Planting out our sweet potatoesPosted in Category Organic Gardening | by Stephanie
The time has come to plant out our sweet potatoes. They have taken root in their pots in the greenhouse and are ready to venture into the outside world. We would normally wait a week or two longer but the recent warm temperatures are sufficient to keep them very happy. As always they will be grown in a metal raised bed and trained up a pyramid obelisk.
As it is such an impressive crop to look at, we always make sure to plant them where they can be seen when entering the garden. So many visitors have commented on how lovely they look over the past few years. Other than preparation, they take very little looking after apart from a good watering and feed once a week and have rewarded us year upon year with a lovely crop of large tubers. It is a crop I would thoroughly recommend for anyone to try.
The soil in the raised bed has been enriched with lashings of well-rotted manure as sweet potatoes are hungry feeders and like a fertile soil. The soil is them topped with a layer of black landscape fabric. This helps to keep the soil warm and moist. The obelisk is then placed onto the bed before planting the little slips out all around the base before being watered in. Should unexpected cold weather threaten, we will cover them with fleece. They will then be fed weekly with liquid seaweed and tied in to the obelisk as they grow.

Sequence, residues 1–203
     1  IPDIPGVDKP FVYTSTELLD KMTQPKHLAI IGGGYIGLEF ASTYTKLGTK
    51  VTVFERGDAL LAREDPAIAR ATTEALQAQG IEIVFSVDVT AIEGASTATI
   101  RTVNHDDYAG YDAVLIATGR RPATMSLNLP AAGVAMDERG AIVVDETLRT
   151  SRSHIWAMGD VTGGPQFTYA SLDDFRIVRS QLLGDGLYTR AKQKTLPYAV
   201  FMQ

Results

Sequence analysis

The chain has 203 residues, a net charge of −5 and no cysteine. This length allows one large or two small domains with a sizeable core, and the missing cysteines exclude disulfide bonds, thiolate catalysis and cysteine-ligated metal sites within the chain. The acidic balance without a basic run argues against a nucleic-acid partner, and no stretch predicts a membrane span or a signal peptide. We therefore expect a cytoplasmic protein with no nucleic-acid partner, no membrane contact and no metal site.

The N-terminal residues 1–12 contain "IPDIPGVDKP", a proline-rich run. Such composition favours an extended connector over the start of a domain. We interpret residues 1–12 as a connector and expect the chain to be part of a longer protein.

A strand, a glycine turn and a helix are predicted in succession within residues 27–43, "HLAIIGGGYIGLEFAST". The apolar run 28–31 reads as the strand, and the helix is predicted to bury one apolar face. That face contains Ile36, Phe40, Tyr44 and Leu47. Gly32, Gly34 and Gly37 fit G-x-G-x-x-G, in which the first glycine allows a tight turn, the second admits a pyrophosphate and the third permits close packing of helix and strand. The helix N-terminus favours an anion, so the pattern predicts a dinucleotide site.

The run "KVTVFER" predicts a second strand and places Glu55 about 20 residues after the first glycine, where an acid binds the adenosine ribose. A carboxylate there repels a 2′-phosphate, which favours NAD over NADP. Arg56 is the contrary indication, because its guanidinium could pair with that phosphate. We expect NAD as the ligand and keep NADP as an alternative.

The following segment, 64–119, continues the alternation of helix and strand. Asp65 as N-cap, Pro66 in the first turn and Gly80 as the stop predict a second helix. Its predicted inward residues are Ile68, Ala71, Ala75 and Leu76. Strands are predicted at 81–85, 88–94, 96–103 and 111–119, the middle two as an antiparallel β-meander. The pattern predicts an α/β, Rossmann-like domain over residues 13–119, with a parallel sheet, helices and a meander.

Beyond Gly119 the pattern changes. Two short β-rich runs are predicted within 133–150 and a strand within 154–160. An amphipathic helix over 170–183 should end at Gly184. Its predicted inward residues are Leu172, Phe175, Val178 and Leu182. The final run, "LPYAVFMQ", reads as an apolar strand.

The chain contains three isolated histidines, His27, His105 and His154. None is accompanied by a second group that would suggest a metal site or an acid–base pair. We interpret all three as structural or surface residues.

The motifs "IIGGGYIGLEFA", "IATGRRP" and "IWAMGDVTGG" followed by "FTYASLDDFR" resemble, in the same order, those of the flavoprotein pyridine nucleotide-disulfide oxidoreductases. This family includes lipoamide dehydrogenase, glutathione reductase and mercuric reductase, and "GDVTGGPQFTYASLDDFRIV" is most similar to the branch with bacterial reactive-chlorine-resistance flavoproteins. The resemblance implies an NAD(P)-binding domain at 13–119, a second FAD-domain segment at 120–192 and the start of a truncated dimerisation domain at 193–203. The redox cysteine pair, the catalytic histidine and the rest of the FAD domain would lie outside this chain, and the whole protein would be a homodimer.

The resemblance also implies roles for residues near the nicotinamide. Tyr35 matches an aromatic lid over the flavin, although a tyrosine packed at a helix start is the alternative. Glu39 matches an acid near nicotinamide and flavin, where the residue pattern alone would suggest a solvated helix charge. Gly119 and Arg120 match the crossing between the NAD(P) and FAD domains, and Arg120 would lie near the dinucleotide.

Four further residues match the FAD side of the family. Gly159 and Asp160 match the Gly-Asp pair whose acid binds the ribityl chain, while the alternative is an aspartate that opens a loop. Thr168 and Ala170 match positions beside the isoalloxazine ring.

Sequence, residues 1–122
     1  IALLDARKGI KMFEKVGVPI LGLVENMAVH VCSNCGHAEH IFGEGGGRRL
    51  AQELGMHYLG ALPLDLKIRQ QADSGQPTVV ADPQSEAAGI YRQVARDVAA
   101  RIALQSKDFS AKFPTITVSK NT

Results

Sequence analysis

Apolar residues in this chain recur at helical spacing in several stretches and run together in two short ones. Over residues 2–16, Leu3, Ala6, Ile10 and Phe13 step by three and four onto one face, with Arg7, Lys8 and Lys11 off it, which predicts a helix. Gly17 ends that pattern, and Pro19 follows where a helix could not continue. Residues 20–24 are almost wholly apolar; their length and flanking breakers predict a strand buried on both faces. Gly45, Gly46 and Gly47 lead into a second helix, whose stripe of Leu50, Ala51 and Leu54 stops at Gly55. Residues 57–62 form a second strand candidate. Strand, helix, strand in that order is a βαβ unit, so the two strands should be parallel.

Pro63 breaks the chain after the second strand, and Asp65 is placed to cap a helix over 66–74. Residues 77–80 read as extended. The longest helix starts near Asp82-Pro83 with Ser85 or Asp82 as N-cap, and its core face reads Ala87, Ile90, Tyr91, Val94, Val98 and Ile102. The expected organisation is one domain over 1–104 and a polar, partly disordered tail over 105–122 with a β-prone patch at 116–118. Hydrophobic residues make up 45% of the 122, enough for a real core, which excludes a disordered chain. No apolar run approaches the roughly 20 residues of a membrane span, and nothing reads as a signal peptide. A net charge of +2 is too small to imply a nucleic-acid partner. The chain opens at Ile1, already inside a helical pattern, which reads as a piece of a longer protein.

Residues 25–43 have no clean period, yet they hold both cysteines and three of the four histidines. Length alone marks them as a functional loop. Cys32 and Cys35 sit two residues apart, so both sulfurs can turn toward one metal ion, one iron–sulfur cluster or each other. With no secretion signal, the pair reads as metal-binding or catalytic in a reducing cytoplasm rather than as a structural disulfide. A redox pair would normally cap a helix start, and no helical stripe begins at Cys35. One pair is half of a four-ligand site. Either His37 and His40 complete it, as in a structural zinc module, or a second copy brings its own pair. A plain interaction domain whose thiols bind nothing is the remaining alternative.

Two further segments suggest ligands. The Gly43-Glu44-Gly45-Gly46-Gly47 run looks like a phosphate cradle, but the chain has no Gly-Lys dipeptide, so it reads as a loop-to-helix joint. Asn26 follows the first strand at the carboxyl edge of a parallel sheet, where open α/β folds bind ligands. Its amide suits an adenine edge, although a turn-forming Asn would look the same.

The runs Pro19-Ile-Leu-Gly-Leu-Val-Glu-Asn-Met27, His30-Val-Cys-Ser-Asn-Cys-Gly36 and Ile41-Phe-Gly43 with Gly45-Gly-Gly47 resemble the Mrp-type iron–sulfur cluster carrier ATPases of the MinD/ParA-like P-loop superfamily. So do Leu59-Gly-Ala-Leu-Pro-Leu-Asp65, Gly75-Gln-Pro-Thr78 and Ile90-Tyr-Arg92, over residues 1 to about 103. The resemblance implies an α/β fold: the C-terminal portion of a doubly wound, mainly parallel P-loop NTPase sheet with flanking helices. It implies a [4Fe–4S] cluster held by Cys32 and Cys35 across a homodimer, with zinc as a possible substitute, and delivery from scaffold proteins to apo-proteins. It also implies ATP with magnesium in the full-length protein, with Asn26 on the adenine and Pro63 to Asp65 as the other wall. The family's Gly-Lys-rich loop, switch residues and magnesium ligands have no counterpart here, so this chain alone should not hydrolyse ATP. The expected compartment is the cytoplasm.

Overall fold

Inside the greenhouse the cucumbers and tomatoes are scrambling up their supports. We are tying them in as they grow.
The tomatoes will be pinched out once they have set 6 trusses of fruit, or reached the greenhouse roof, whichever comes first!
The cucumbers will be trained up their supports and then along the roof bars of the greenhouse. This provides shade for the plants underneath them and allows the later summer fruits to hang down for easy picking; although we usually need a step ladder to reach them!
Elsewhere in the garden we are also tying in our broad beans, brussel sprouts and broccoli. All of these can hold their own weight but could easily be snapped in a strong wind or bend with the weight of their crop.
We will be harvesting our first strawberries of the year this week. Our first proper taste of summer. Can’t wait!